Math 2163 - Calculus III - section 28925

http://math.okstate.edu/people/lebl/osu2163-s19/

Lecture: MWF 9:30AM - 10:20AM, North Classroom Building 302

Text:

The main text we will follow (and which you probably already have) is:

Jon Rogawski, Colin Adams, Calculus: Early Transcendentals, Third Edition, 2015, W. H. Freeman and Company.
Other editions are fine, chapter/section numbers might be different, but you need to have a webassign access code.
Don't get the kindle version, it just doesn't work.
We will be covering things from chapters 11-17 (mostly 12-16)

It's always useful to have some other sources. The following are free online:

Gregory Hartman, APEX Calculus (http://www.apexcalculus.com) (PDF).
The corresponding material is chapters 9-14, which is the 3rd volume of version 4.0 (you can get a printed copy for $15).

Lars Jensen, Active Calculus - Multivariable (https://activecalculus.org/multi/) (webpages).
Many interactive practice exercises. The downside is that it doesn't cover everything we will do.

Paul Dawkins, Paul's Online Notes - Calculus III (http://tutorial.math.lamar.edu/Classes/CalcIII/CalcIII.aspx) (webpages).

Lecturer:

Jiří Lebl
Web: http://math.okstate.edu/people/lebl/
Office: MSCS 505
Office hours: M 4:30-5:20pm (MLSC main room), WF 1:30-2:20pm (office) (not the first week), and by appointment at other times.
Office phone: (405) 744-7750
Email: lebl at okstate dot edu

What's the Course About:

We will learn multivariable calculus by generalizing the single-variable notions to functions of more than one variable. We will study in particular analytic geometry in three dimensions and basic notions of vectors, and the beginnings of vector calculus.

Prerequisites: Calculus I and II with grade C or better.

Grading:

Grade distribution is as follows:

45% - 3 exams, the lowest grade is dropped, so the 2 best scores are counted.

30% - Final exam.

15% - Quizzes.

10% - Webassign.

As usual, 90% and above guarantees an A, 80% and above a B, 70% a C, and 60% and above a D. Curve will be applied if needed, and so those cutoff percentages could move downwards, but only if it is deemed necessary.

Exams, Quizzes:

Exam 1: Friday, February 15th (in class)

Exam 2: Friday, March 29th (in class)

Exam 3: Friday, April 26th (in class)

Final exam: (as per university schedule) Friday, May 10th, 8:00am-9:50am, same room as class

Quizzes will be in-class, not announced ahead of time. They will be short 10-15 minutes. I will try to do at least one weekly, but no promises. 2 lowest quiz scores will be dropped.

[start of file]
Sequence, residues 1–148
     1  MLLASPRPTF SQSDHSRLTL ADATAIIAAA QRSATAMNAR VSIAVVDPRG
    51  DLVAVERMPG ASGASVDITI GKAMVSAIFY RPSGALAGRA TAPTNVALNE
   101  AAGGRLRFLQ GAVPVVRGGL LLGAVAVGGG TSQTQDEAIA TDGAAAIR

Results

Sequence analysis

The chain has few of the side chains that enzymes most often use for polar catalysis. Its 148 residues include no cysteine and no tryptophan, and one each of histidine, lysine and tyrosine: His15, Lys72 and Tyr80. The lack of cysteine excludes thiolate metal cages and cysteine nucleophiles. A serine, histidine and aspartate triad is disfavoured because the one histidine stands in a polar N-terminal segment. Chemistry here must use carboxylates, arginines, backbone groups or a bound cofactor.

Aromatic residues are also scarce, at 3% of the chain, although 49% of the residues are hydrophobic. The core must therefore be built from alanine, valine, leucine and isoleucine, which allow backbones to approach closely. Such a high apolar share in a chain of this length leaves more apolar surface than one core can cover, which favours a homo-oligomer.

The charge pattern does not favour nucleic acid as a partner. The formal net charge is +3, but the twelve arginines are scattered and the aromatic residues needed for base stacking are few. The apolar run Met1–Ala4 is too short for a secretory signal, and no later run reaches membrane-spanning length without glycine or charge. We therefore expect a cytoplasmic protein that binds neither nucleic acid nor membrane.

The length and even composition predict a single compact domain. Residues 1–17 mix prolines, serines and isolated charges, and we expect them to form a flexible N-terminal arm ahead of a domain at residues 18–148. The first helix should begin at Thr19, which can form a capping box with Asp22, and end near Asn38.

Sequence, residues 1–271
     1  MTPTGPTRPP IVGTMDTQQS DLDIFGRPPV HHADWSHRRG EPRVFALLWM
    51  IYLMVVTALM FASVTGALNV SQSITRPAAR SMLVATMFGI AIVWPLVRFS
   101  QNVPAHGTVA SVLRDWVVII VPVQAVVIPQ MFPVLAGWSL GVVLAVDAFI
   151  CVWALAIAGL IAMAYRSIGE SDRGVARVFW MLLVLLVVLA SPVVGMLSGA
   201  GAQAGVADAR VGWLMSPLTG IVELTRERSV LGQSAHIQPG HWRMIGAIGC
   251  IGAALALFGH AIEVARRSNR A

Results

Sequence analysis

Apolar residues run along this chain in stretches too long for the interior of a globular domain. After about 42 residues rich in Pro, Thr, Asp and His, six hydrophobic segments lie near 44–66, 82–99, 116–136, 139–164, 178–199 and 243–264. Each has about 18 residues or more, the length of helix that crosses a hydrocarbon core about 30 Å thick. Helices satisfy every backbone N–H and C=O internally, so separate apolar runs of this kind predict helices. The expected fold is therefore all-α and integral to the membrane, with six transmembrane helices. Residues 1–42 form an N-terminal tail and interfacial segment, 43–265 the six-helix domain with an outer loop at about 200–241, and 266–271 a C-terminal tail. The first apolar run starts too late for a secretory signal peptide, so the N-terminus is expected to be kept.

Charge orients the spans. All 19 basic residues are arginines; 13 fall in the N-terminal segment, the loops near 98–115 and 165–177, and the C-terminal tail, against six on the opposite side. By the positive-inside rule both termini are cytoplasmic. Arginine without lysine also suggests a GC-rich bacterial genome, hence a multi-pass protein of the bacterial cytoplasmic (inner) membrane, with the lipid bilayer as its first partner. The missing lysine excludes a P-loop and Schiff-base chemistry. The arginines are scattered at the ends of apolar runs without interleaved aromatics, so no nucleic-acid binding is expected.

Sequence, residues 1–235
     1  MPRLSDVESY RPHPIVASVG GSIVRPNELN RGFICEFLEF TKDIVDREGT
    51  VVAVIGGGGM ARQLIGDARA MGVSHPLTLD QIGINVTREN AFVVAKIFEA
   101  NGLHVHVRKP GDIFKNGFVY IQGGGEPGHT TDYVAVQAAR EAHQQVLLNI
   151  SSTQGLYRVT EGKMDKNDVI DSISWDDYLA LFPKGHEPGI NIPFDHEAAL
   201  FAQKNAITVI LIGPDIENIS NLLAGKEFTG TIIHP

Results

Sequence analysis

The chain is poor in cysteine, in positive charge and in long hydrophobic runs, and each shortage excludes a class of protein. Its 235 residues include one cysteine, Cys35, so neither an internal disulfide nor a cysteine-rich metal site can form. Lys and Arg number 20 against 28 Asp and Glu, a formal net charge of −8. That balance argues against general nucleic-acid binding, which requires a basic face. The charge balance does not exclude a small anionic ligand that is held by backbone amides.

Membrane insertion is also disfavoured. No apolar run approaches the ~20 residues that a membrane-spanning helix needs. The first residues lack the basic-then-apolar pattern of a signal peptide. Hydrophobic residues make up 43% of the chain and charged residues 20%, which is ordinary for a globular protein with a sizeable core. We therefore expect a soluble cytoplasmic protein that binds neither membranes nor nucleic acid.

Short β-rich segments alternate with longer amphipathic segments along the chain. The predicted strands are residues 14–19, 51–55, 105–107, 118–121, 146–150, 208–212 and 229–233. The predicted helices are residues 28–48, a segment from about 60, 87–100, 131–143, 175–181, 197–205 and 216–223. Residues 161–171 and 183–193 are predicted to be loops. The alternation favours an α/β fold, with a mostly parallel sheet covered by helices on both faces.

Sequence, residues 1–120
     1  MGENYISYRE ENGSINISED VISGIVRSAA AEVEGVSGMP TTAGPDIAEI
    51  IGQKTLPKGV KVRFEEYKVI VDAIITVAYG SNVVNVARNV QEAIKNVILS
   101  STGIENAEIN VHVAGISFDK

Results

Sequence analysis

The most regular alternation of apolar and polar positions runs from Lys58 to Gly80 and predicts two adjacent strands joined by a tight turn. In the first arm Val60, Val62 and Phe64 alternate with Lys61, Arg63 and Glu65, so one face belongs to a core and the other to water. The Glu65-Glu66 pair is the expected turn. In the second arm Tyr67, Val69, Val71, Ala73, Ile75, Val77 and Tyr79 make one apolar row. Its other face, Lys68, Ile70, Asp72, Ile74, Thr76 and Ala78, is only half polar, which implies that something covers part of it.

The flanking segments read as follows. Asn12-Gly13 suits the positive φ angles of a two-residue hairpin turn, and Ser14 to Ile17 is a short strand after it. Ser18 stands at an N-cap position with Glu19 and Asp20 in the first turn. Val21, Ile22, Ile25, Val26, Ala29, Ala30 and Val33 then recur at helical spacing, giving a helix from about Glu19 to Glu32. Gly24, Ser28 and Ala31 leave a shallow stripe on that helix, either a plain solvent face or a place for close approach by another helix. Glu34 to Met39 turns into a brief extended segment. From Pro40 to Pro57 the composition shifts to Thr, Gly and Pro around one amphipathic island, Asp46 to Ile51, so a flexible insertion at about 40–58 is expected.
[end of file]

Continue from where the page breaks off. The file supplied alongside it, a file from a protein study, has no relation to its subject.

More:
No calculators are allowed on the quizzes or exams. Trust me, you will not need them, and from experience in this sort of class, they just slow you down. Feel free to use them when studying and working on homework.

Missed Work:

No makeup quizzes (we are dropping the lowest 2 anyhow). There will be reasonable accommodation for more substantial missed work if you have a valid and documented reason, and the documentation is provided in advance unless absolutely impossible. If you have a university approved (see the syllabus attachment) final conflict exam, you must tell me no later than Friday, April 19th, so that we can figure out what to do.

Attendance:

Mandatory, but not taken. If you will miss classes, then besides material, you may miss quizzes, which are not announced. You may also miss any important announcements made in class.

WebAssign:

WebAssign will be used in this class for homework:
https://www.webassign.net/
Class key: okstate 5007 8399

Gradescope:

We will be using Gradescope (http://gradescope.com) for all exams and quizzes. Create an account and use add code M8EPPX to add yourself to this class.

Schedule:

See the tentative schedule (http://math.okstate.edu/people/lebl/osu2163-s19/schedule.html). This can (and will) change as situation "on the ground" changes.

Syllabus attachment:

See the official syllabus attachment, for some more information.

Interesting links:

Wolfram Alpha (http://www.wolframalpha.com). It's like Google for math.

Speaking of Google: try typing something like x^2-y^2.

Although no, Google will not likely solve your homework problems for you. Even if it did, it would not be a good idea. The reason for doing the homework is to learn how to do it. If you simply try to find solutions online, and did manage to find them, you will not learn anything and you will see the result of this on the exams.

If you want to type math, I recommend learning LaTeX. Best way to do that is to use Overleaf online.


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